GRACosway Weekly Wrap Up: Morrison Ministry sworn in
31 May 2019
- The Morrison Government has been sworn in by Governor-General Sir Peter Cosgrove this week, 11 days after the Coalition’s election victory.
- Labor’s Anthony Albanese has been elected unopposed as Leader of the Opposition, with Richard Marles as Deputy.
- The NSW seat of Macquarie remains too close to call, with Labor incumbent Susan Templeman currently 282 votes ahead of Liberal rival Sarah Richards.
- In Tasmania, Liberal candidate Bridget Archer is 584 seats ahead of Labor MP Ross Hart for the seat of Bass.
- Tax and energy policy continued to feature heavily in the policy debate this week, along with the Adani Carmichael coal mine.
- The Fair Work Commission has increased the minimum wage by 3 per cent, which equates to a $21.60 per week increase from 1 July.
The Second Morrison Ministry was officially sworn in at Government House on Wednesday this week. The new-look Cabinet features a record of seven women, while Ken Wyatt became the first Indigenous Australian to serve in Cabinet. A day earlier, Prime Minister Scott Morrison convened the first Coalition party room meeting since the election, welcoming the 28 new faces on the Government benches. Despite the new Government presenting a united front, reports have suggested some Nationals MPs are frustrated by the ministerial reshuffle, which failed to deliver the party an additional portfolio and split the agricultural portfolio between two ministers.
Anthony Albanese has been confirmed as Opposition Leader and Richard Marles as Deputy Leader following a Labor Caucus meeting in Canberra on Thursday. Mr Albanese spoke to the importance of equal representation of men and women in leadership, and announced that Senator Penny Wong will retain her role as Leader of the Opposition in the Senate. Senator Kristina Keneally has been appointed Deputy Leader of the Opposition in the Senate after SA Senator Don Farrell bowed out of the race. Mr Albanese is expected to allocate portfolio responsibilities in the coming days, before the Shadow Ministry will reportedly meet in Brisbane next Tuesday.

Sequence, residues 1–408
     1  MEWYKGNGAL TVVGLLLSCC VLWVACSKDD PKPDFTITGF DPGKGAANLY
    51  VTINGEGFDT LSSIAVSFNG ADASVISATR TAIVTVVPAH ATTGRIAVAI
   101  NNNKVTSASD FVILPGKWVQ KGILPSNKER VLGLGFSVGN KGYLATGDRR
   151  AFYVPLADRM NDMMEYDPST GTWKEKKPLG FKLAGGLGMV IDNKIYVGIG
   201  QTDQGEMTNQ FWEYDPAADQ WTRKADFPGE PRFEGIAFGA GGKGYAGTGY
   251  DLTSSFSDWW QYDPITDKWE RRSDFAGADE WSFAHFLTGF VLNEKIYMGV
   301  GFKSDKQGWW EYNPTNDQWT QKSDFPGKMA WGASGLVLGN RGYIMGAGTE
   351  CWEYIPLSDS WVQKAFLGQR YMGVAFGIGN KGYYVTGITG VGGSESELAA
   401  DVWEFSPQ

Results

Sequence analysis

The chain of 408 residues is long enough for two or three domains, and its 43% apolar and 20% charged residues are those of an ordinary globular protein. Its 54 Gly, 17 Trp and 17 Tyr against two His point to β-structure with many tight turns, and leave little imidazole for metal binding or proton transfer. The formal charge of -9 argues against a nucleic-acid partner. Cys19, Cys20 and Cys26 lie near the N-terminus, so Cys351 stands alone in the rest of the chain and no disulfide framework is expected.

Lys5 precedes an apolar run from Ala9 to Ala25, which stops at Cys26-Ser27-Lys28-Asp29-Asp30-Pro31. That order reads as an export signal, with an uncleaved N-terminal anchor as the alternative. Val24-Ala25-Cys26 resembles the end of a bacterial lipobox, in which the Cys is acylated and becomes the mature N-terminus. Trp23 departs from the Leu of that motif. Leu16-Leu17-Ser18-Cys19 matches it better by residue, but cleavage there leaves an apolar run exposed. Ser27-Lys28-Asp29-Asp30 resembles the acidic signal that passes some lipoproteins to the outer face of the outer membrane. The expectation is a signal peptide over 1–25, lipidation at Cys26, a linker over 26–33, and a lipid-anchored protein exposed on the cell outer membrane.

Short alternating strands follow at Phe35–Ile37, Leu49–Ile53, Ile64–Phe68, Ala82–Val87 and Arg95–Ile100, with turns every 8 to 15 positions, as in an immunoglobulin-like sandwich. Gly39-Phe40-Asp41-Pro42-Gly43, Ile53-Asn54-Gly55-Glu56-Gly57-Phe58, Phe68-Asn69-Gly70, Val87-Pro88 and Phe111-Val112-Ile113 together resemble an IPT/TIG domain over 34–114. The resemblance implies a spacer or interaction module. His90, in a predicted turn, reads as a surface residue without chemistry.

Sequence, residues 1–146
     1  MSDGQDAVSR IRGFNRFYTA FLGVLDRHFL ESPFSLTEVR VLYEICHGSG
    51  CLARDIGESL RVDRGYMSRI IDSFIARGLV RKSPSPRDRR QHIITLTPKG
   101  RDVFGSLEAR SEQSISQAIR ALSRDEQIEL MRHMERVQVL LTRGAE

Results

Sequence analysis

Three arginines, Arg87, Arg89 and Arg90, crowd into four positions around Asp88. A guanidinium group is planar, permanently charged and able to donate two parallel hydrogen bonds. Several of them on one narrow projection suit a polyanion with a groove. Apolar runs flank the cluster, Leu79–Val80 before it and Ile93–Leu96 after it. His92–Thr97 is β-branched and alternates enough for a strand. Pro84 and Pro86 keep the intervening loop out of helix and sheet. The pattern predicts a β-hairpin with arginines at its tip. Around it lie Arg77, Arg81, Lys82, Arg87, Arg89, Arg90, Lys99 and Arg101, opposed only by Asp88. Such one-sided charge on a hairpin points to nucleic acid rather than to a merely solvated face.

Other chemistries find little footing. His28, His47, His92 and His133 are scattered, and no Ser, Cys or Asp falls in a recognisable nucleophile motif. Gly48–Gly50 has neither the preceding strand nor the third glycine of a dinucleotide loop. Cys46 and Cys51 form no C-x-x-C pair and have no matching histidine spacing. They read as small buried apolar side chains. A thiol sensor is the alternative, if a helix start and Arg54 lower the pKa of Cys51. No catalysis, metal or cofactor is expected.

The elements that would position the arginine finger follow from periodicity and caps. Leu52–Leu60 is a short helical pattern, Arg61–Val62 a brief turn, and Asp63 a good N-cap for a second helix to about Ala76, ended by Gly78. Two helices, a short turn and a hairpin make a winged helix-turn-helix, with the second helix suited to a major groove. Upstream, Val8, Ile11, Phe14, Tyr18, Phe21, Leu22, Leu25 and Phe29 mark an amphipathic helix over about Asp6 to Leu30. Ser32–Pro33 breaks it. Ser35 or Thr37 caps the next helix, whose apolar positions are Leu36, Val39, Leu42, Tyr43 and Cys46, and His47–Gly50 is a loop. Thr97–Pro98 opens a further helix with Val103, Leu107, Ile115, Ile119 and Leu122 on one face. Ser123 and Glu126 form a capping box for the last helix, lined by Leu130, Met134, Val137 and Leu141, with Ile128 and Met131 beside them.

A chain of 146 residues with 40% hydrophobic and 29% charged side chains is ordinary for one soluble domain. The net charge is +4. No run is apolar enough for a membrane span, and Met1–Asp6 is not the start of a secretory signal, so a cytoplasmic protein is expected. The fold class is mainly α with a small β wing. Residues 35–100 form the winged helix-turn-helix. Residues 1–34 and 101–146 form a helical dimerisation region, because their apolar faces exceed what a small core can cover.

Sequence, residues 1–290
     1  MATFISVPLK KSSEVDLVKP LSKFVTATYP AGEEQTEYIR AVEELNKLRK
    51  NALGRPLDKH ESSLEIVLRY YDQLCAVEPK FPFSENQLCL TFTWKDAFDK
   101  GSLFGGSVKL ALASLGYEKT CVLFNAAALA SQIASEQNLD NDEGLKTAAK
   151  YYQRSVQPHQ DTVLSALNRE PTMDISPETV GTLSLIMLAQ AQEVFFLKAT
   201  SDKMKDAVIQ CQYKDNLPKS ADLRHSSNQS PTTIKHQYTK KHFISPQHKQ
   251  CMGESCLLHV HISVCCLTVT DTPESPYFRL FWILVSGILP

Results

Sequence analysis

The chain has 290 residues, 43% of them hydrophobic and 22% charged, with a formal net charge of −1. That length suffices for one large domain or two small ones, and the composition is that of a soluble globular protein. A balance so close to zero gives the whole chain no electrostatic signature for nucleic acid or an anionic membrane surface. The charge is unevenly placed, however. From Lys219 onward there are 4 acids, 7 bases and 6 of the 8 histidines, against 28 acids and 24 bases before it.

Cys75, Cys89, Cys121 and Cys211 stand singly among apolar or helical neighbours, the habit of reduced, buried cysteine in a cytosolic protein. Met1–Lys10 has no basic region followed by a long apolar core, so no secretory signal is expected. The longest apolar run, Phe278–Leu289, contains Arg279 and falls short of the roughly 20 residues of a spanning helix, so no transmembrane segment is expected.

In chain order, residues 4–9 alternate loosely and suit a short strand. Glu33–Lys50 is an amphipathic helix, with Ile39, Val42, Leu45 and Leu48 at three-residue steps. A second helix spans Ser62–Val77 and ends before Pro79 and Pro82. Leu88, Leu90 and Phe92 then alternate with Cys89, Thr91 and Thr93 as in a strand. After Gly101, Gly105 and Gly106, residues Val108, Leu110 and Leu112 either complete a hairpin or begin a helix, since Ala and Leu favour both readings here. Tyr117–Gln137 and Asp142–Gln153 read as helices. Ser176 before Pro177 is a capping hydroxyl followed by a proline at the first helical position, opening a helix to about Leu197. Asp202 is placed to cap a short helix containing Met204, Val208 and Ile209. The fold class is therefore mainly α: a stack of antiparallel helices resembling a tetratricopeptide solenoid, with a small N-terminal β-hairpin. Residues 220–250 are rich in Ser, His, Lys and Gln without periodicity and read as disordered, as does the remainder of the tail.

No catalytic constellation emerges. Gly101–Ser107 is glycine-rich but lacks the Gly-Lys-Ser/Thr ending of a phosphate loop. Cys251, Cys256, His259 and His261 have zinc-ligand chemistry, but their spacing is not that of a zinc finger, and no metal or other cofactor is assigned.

The Prime Minister has touted the first week of July as the likely opening of the 46th Parliament, in order to pass legislation as soon as possible to implement the Coalition’s $158 billion income tax cut commitments. Separately, Treasurer Josh Frydenberg has announced he will commission a review of the retirement income system, as recommended by the Productivity Commission, including a review of the interaction of superannuation, government pensions and, potentially, taxation. The Treasurer said the Productivity Commission and the Royal Commission findings made it clear that there is a strong case to improve the overall efficiency of the system. Full details are yet to emerge, but commentators have recalled the Prime Minister’s commitment not to amend taxation of superannuation during the election campaign.
The Government’s ‘big stick’ energy policy was back on the agenda this week, with Energy Minister Angus Taylor revealing that the proposed laws would be a priority for the Government when Parliament returns. The Bill failed to pass parliament in March of this year, facing opposition from both Labor and the Greens. The legislation has drawn heavy criticism from energy companies who have labelled the proposed changes as “extreme”. Minister Taylor has attributed the Bill’s priority to a lack of action by state governments on power supply shortages, risking “dire consequences”.
Queensland Premier Annastacia Palaszczuk has welcomed a new timeline for the Adani Carmichael coal mine approval process, recently released by the State’s Coordinator-General. Adani’s Black-throated Finch Management Plan (BTFMP) was approved today – with conditions – and a decision on the Groundwater Dependent Ecosystem Management Plan (GDEMP) is due by 13 June. Queensland Senator and Federal Minister for Resources and Northern Australia Matt Canavan has embraced the news, while new Opposition Leader Anthony Albanese has refused to reveal his position on the project, saying “it’s up to markets themselves” to determine the economic case for the proposed mine.
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